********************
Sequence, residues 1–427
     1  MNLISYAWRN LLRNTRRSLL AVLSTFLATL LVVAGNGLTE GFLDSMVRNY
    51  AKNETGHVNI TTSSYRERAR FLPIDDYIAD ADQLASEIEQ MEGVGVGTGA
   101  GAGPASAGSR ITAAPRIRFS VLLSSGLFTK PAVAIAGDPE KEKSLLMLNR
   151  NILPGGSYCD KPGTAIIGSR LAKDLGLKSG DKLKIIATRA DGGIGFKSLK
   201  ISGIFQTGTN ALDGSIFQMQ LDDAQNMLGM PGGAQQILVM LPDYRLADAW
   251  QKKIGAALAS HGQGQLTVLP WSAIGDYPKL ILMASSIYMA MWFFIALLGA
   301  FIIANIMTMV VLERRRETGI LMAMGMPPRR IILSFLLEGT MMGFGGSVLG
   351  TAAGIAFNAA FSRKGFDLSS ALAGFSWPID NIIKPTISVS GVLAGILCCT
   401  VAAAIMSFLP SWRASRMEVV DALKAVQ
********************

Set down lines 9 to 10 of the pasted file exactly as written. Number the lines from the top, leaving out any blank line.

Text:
   351  TAAGIAFNAA FSRKGFDLSS ALAGFSWPID NIIKPTISVS GVLAGILCCT
   401  VAAAIMSFLP SWRASRMEVV DALKAVQ